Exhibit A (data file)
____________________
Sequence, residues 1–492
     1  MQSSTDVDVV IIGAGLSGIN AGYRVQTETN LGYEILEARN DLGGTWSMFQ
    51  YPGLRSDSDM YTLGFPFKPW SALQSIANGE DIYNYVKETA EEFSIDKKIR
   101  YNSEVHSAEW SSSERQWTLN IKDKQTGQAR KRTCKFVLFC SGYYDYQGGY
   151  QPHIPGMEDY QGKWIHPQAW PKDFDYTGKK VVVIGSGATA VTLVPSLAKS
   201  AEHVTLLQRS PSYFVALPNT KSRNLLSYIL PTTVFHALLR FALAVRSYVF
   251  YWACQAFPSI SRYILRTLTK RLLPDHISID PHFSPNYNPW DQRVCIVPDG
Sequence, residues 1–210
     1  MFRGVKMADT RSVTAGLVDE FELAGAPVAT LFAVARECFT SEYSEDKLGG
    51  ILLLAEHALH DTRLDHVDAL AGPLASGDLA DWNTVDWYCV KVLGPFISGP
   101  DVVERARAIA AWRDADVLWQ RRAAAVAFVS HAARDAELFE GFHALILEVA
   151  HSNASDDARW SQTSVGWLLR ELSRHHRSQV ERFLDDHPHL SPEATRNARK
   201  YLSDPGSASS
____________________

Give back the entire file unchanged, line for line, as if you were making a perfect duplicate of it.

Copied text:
Sequence, residues 1–492
     1  MQSSTDVDVV IIGAGLSGIN AGYRVQTETN LGYEILEARN DLGGTWSMFQ
    51  YPGLRSDSDM YTLGFPFKPW SALQSIANGE DIYNYVKETA EEFSIDKKIR
   101  YNSEVHSAEW SSSERQWTLN IKDKQTGQAR KRTCKFVLFC SGYYDYQGGY
   151  QPHIPGMEDY QGKWIHPQAW PKDFDYTGKK VVVIGSGATA VTLVPSLAKS
   201  AEHVTLLQRS PSYFVALPNT KSRNLLSYIL PTTVFHALLR FALAVRSYVF
   251  YWACQAFPSI SRYILRTLTK RLLPDHISID PHFSPNYNPW DQRVCIVPDG
Sequence, residues 1–210
     1  MFRGVKMADT RSVTAGLVDE FELAGAPVAT LFAVARECFT SEYSEDKLGG
    51  ILLLAEHALH DTRLDHVDAL AGPLASGDLA DWNTVDWYCV KVLGPFISGP
   101  DVVERARAIA AWRDADVLWQ RRAAAVAFVS HAARDAELFE GFHALILEVA
   151  HSNASDDARW SQTSVGWLLR ELSRHHRSQV ERFLDDHPHL SPEATRNARK
   201  YLSDPGSASS